Thursday, February 26, 2015

The Hitchhikers Guide to the Galaxy (1981)

Note:  This review was originally posted to my Epinions account.

When I heard that The Hitchhiker’s Guide to the Galaxy was being made into a movie, I was excited. I remember having read the book many, many years ago. (I should probably read it again.) In looking around Netflix, I came across this version of The Hitchhiker’s Guide, which is a release of the miniseries that aired on the BBC in 1981. From what I can recall, it seems to adhere to the book pretty well. However, both the book and the miniseries were based on a radio broadcast.

The story goes that Arthur Dent is about to have his house demolished to make way for a bypass. He only just found out about it when the bulldozers pulled up to demolish the house. While he’s lying there in front of the bulldozer, his friend, Ford Prefect, shows up and informs Arthur that it’s imperative that they go to the local bar for a few drinks. Ford assures Arthur that everything will be all right. While there, Ford informs Arthur that the Earth is about to be destroyed and that Ford is really from a planet in the Betelgeuse system. He’s on Earth to do research for the Hitchhiker’s Guide, but that time is coming to an end.

They hitch a ride on one of the ships sent to destroy the Earth. When they’re discovered, both are thrown out an airlock. You’d think that being thrown out an airlock would be the end of it, but it’s not. The two friends are picked up by The Heart of Gold, which is a ship stolen by Zaphod Beeblebrox. (It has to do with the ship’s infinite improbability drive.) It turns out that Zaphod and Arthur have met, although Zaphod didn’t have two heads and three arms at the time. Also on board is Trillian, who was also at the party. Rounding out the group is Marvin, a very depressed robot who thinks that everyone hates him.

This is just the tip of the iceberg. I could probably have a thousand-word review if I went into the entire plot. It would probably also ruin some of the surprise. The entire miniseries comes in six parts on one disc. I got it from Netflix, so I can’t say anything about packaging. The disc was marked “Vol. 1”, but I couldn’t find any indication of a second disc. I was able to see the entire miniseries, so I didn’t worry about it too much.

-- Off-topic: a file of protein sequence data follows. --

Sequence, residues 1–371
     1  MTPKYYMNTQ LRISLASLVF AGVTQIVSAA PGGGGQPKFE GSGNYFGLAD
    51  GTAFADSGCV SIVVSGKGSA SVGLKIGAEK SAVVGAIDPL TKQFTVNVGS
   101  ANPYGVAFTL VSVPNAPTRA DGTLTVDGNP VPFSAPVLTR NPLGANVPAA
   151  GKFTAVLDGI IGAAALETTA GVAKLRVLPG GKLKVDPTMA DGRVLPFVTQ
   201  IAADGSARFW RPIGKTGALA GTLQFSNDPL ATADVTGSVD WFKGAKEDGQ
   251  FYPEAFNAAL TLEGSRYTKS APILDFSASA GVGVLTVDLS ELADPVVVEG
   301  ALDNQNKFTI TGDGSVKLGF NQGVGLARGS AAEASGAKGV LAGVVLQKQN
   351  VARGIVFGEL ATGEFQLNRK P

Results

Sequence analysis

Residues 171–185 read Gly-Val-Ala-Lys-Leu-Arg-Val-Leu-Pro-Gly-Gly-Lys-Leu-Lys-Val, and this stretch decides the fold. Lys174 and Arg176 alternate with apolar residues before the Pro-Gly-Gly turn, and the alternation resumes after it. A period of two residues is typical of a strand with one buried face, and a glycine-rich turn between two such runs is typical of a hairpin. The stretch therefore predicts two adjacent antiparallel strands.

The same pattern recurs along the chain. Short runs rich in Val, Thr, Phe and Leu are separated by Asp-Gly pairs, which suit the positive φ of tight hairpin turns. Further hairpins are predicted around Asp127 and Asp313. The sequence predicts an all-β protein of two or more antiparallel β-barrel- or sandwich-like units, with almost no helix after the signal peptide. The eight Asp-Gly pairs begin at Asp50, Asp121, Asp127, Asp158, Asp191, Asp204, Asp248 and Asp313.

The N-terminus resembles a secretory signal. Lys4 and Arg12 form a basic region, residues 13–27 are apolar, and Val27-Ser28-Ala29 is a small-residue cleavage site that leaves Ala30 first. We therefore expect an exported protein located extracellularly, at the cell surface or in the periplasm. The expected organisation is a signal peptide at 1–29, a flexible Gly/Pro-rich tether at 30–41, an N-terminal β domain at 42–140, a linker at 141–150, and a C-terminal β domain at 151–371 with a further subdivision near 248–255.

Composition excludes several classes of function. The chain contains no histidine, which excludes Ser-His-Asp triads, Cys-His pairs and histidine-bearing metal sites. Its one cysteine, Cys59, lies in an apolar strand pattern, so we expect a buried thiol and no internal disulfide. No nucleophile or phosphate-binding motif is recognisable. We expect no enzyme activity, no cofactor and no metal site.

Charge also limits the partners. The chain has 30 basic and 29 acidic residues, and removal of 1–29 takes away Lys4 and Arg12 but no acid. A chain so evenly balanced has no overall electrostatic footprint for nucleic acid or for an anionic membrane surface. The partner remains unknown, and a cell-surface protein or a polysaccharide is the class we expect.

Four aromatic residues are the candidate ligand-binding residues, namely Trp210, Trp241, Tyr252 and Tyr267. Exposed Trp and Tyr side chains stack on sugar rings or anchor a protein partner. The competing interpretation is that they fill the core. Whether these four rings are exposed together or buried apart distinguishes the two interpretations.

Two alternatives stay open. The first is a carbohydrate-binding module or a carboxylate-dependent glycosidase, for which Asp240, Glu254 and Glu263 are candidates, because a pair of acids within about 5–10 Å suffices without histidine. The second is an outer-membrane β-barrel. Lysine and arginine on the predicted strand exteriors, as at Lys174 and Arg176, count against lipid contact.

Since it’s a miniseries, it was meant to be watched over a period of time. With the exception of the first episode, each one has an introduction that brings you up to speed. I didn’t think it was that bad; each introduction was only a minute or two and I watched the disc over several days.. However, if you’re watching the entire thing in one sitting, it might seem repetitious.

The picture quality is about what you’d expect from a British program in 1981. It’s not perfect, but it’s not terrible. The miniseries makes extensive use of line drawings to illustrate several things contained in the Guide, such as what a Babel Fish is. (The Guide is the origin of the name for Alta Vista’s translation service.)

The acting was good in this miniseries. However, the effects left something to be desired. Zaphod’s third arm looked pretty good, but his second head looked phony. There were several scenes where the second head had to talk; it looked like puppetry. I don’t think that it detracted too much. (I just thought you should know.)

The humor can only be described as a cross between Monty Python and The Far Side, which seems to be the consensus. I can see a lot of people either thinking that it’s hysterical or not getting it at all. Other than Monty Python or The Far Side, I can’t really think of anything to compare it to and even those two suggestions aren’t exact. For instance, Vogons (the race contracted to destroy the Earth) have the third-worst poetry in the universe. We’re even subjected to a little bit of it. It’s the kind of thing that one person might find funny, yet someone else might find annoying.

Personally, I’d give the miniseries four stars. Even though I wasn’t laughing all the way through, it was funny and at least interesting to watch all the way through. If you’re into science fiction, I’d suggest that you at least consider it. And whatever happens, don’t panic.

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